Around here you can get large ships running 25 knots or better and they look like a skyscraper and are on top of you in seconds. Then you have the US Navy mandating a 500 yard protection zone where you do not enter except with permission. They don't take no for an answer either.

There are still other people that think because they don't paint lines on the water you go where ever you please.
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Old 27-06-2007, 10:55   #5
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My guess, shellback, is that your friends are most afraid of going aground. So far, hogging the center of the channel hasn't caused them to change their points of view, because they haven't encountered a vessel large enough to make them move.

That day will come, though, and I hope you are not a guest on their Grampian when it does. I doubt your wise counsel will ever get through to your friends, and they may even resent your bringing it up again and again. If you drop it, though, and they have a potentially tragic encounter in the future, you will probably never forgive yourself. So, damned if you do, damned if you don't . . .

It might be better to encourage your friends to take the kinds of educational courses that you did - if they hear good advice from some authority figure they can't ignore, perhaps they will see the light.

Good luck!

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Old 27-06-2007, 11:15   #6
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Case in point:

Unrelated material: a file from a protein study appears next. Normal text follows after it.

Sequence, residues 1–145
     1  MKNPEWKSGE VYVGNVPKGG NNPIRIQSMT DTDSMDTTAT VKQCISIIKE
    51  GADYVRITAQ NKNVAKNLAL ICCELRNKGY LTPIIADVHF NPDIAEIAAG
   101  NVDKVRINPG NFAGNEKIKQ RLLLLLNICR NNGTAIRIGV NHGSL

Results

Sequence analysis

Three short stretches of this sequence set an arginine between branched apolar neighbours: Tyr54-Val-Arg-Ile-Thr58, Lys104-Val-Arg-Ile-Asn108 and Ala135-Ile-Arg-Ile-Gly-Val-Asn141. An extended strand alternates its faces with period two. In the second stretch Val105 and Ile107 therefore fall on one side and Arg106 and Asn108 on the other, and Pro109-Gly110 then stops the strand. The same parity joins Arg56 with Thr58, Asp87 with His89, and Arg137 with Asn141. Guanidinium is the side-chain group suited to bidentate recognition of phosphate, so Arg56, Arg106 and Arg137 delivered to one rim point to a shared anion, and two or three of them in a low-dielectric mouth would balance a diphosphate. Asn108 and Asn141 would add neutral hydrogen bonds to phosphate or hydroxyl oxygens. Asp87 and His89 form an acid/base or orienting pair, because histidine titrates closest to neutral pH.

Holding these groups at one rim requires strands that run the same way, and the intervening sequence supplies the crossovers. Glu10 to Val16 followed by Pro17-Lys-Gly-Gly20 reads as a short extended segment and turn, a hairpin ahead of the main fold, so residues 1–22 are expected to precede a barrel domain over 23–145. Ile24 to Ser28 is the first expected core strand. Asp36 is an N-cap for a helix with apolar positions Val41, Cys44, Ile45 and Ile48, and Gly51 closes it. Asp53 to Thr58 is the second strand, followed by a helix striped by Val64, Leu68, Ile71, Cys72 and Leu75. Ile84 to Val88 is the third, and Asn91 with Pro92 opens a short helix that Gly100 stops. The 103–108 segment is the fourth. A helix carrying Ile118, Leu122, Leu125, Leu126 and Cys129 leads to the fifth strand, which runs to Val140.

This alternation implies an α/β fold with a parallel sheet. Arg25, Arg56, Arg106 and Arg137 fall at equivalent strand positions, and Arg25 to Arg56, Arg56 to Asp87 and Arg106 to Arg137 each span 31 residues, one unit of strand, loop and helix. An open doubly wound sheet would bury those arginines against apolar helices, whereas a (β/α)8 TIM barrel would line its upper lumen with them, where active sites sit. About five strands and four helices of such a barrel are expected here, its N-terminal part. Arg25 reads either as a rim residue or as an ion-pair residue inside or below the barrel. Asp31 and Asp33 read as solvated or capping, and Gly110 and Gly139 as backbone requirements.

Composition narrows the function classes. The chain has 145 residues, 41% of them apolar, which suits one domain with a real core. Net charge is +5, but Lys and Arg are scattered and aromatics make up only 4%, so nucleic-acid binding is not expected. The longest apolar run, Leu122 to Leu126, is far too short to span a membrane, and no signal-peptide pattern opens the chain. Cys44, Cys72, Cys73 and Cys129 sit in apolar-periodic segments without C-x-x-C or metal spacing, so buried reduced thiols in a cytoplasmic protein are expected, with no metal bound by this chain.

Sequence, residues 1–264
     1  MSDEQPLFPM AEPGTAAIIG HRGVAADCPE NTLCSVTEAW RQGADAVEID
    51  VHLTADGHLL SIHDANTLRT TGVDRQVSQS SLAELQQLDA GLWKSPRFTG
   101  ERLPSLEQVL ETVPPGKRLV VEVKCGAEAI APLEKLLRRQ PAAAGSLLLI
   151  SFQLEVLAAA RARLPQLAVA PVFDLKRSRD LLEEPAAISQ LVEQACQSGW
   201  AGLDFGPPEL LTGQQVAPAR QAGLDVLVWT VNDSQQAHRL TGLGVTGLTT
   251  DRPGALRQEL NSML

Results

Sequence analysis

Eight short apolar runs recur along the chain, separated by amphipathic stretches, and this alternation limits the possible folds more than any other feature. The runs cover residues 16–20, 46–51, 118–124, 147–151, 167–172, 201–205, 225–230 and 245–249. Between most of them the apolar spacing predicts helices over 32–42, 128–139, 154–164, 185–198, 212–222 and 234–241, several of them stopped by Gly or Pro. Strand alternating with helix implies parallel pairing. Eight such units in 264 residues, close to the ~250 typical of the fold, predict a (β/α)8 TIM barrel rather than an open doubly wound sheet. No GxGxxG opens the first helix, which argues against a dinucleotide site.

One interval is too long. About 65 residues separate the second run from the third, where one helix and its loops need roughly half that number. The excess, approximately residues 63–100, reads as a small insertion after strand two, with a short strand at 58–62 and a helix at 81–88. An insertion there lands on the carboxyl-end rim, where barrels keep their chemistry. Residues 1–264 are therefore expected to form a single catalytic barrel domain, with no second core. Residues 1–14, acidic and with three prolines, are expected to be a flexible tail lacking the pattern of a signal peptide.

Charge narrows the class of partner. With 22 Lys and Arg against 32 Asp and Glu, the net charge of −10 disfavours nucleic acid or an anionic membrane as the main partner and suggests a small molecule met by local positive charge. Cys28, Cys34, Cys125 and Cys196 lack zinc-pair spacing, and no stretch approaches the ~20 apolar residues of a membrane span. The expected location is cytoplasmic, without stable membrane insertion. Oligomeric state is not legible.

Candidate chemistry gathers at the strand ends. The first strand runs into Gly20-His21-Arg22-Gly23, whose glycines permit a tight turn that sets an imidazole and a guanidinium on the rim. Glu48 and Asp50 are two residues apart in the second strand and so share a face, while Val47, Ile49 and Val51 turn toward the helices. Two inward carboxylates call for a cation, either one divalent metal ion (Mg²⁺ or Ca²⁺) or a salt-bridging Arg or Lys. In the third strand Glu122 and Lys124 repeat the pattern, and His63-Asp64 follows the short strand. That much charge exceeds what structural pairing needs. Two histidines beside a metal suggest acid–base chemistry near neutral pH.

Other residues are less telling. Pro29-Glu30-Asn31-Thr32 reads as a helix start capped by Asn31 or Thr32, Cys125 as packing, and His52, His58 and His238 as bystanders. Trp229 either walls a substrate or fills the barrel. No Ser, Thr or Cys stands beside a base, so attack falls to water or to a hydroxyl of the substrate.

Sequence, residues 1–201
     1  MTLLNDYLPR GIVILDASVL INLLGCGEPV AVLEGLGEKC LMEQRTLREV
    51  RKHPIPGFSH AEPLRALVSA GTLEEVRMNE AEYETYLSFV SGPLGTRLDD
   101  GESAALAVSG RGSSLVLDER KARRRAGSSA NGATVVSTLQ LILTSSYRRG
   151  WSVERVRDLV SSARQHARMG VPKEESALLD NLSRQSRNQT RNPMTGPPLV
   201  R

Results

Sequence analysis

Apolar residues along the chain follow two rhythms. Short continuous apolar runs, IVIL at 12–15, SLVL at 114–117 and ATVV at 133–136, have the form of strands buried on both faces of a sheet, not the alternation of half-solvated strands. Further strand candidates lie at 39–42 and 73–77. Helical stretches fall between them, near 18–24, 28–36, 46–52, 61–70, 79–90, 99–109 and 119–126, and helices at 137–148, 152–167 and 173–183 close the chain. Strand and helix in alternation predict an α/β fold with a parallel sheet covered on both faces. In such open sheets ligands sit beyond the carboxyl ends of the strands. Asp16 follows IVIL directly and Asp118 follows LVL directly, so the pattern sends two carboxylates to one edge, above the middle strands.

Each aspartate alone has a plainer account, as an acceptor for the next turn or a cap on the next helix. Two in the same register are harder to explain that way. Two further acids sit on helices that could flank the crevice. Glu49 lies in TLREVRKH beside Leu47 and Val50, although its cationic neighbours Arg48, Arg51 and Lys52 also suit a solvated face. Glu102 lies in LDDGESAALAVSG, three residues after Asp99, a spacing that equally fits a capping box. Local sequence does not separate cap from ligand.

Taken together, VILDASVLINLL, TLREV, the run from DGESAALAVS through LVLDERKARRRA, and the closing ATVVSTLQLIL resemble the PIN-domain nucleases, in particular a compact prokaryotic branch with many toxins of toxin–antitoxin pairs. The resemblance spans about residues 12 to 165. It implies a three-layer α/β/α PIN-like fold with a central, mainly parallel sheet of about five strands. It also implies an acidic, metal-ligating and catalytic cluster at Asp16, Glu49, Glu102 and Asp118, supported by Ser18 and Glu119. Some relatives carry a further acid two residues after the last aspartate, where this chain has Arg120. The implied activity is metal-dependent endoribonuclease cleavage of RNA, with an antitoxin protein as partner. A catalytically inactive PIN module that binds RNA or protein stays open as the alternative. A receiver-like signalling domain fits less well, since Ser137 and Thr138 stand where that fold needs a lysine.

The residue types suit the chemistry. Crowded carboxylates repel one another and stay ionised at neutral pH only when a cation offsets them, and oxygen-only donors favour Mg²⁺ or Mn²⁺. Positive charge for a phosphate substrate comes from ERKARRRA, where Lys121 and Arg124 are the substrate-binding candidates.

In the July issue of Sail Magazine, on pg 42 there is an article by
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Old 27-06-2007, 11:21   #7
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Quote:
Originally Posted by shellback

He insists since his draft, he gets right-of-way to drive the center. Which I fully disagree with. I consider this a major safety factor, considering other boat traffic etc.

Go-fast boats buzz him on either side no matter if he's returning to port or leaving. Should I let him find out the hard way about navigation rules or should I push harder for him to boat responsibly?
Depends how much of a mate he is..........

I would agree with you that this is a potential major safety problem........if it was a good mate I would dig up the regs, highlight them and "discuss" them with him. Maybe take him out aboard your boat.

If not a great mate, I would explain it to him once, and then leave him to get on with it. But I would politely decline invitations aboard.

FWIW my take is that he is probably genuinely confused as others appear to him to be doing pretty much what they want (and some may well me doing so!).........but no doubt his perceptions are not helped by always seeing others reacting late to some tit in a small yacht hogging the centre of the channel.
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Old 27-06-2007, 11:21   #8
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Case in point:

In the July issue of Sail Magazine, on pg 42 there is an article by Stan Stroga. He details an encounter with a commercial vessel from which the reader is supposed to walk away with a learning experience.

What really got me reading this article is how he mentions that his little sailboat was the "stand on vessel", and how he should have held his course.

He is not clear in the least about what he should have done (aside from being better prepared with a working engine, etc...). I was so frustrated reading this because you can't just expect a tug pushing ahead (or especially towing astern) to abruptly change course for your "stand on" little sailboat.